We need to use NEW TOOLS to create a NEW TOMORROW.

To bridge the agro-industry gap, we will need to apply many Tools to bring many changes simultaneously.

All those changes are related to –

(1) Enabling access to resources, e.g., funds, technology, know-how, protocols, models, etc.,

(2) Continuously provide human support by top experts, and

(3) Reinforce trust among parties in the value chain.

So many things matter, but those three pillars seems to capture it all.

In my eyes, all the above meant one thing only; farmers and the value chain in emerging economies need a PACKAGE that will include the necessary elements to make the change.

Since not all farmers and not all value chains are similar or have the same needs, this Package will have to be flexible enough to adapt to varying situations.

This Package should be like a “Tool Box,” where you can easily pull out the Right Tool for a particular situation and instantly apply it to get the desired result.

When I say “Tool Box,” I refer to in-depth field-tested and proven Tools, such as methods, procedures, protocols, models, technologies, services, experts, etc.

Today it is nearly impossible for a farmer in Africa or Asia to get a hold of all or even most of the Tools that should be part of that Package.

Try to imagine what it will be like if African, Asian and other farmers, and value chain partners could get the best technology, models, protocols, knowledge, methods, etc., and all that without spending more money than they do today!

And one more thing, I wanted to make those Tools easy to reach, accessible, and affordable to farmers and value chain partners in emerging economies.

This was when we decided to create Green Valley, with a purpose to bridge the agricultural gap through the use of a set of Tools brought to the farmers in a Single Package.

Therefore, the professional aim of the Green Valley Package is to help farmers grow a high quantity of high quality produce, which later can be marketed under the Green Valley brand to fetch a premium price.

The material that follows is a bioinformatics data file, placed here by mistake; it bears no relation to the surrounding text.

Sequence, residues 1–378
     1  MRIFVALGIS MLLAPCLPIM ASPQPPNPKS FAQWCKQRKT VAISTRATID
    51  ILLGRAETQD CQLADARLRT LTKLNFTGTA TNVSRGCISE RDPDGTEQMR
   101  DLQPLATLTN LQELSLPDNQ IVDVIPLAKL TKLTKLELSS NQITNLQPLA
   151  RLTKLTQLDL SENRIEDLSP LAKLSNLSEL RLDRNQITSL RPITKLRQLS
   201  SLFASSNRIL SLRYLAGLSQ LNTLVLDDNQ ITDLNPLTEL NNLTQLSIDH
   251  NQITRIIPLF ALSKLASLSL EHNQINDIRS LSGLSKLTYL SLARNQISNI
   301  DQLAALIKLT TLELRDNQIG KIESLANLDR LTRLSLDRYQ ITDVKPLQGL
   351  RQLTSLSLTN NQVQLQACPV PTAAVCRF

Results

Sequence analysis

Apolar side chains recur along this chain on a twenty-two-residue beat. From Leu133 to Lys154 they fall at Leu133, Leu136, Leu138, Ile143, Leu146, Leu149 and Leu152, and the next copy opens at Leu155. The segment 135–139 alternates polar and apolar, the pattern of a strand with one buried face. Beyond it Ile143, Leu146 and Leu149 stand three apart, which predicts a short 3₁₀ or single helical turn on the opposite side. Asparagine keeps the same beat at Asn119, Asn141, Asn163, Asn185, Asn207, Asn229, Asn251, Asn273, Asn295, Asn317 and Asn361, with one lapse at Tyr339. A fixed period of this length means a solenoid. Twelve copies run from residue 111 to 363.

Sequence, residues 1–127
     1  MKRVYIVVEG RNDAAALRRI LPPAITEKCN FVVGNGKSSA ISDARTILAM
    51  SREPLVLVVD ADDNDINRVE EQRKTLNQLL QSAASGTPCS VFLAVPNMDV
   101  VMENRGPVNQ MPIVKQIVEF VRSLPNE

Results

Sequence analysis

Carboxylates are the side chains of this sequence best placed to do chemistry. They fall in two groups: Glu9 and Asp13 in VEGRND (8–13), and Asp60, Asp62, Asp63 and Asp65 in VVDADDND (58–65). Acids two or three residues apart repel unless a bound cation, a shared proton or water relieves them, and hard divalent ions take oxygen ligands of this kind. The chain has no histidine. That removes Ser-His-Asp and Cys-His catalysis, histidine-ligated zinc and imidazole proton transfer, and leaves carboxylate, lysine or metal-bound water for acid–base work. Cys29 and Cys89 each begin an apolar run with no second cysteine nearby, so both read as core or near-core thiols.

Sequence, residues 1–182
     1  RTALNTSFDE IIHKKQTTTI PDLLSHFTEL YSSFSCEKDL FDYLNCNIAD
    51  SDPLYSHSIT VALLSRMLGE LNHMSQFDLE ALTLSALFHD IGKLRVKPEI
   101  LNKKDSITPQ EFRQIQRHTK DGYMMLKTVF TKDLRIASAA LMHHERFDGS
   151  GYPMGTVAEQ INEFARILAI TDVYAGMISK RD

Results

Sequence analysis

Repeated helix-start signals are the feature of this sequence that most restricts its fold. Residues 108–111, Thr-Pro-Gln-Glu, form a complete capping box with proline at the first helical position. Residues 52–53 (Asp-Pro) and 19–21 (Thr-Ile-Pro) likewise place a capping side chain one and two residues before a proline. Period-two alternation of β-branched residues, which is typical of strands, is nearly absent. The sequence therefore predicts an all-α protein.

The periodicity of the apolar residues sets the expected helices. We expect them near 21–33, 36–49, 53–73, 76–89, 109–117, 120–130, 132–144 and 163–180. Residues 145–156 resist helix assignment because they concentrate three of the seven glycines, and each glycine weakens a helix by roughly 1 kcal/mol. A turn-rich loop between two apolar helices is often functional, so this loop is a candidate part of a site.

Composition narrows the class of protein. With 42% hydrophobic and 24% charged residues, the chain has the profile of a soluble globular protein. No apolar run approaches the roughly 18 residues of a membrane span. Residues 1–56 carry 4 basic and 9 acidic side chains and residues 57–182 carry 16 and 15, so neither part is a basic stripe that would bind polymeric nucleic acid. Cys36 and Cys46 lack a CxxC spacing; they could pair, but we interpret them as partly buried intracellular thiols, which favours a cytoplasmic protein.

The Green Valley Package contains many elements (e.g., models, protocols, etc.); each has its name, as presented below.


THE MARKET – We dedicate Green Valley fruits to people who care about social, environmental, and health values. Such people would love to consume spray-free fruits from emerging economies, even for a somewhat higher price.

THE BENEFICIARIES – farmers and value chain partners in emerging economies who can or wish to export fresh produce to premium markets but currently (due to different reasons) struggle or can’t hold that position.

Today, those farmers lose a lot of produce because of fruit flies. Besides, their yield and overall produce quality are low, they suffer from limited access to premium markets, and hence, their business is underperforming. Often the result is increased poverty.

GREEN VALLEY BUSINESS MODEL – thanks to understanding consumers’ demands (The Market), as part of a long-term investment engagement, Green Valley‘s professional mission is to betterment the value of produce per hectare.

When this takes place, the farmer and the value chain partners enjoy improved profit results.

This is be done by investing in the farmer and providing him access to the Green Valley Package. In return, the farmer commits to market his produce through Green Valley channels (which can include his current channels), with an agreed commission.

For instance, let’s think of a farmer who is doing his best and having a current income of 10,000 €/Ha. This farmer currently, due to fruit fly problems, exports only 50% of his produce.

After examining and analyzing his business, Green Valley may decide that he has good potential to increase his income to 30,000 €/ha. Yes, by three times, or 300%!

To make this jump in income, the farmer will need to (a) decrease the fruit fly infestation to well below 1%, (b) increase several parameters of produce quality, (c) elevate the yield by 150%, and (d) find better markets to his produce that (e) will pay a premium of additional 20% on his current price.

In such a case, Green Valley will sign an agreement with the farmer and then tailor a Package to suit his specific needs.

On the farmer’s side, he will probably pay 20% to 65% in advance for the services and solutions provided through the Green Valley Package.

Green Valley will be carrying the business risk until the fruit is sold.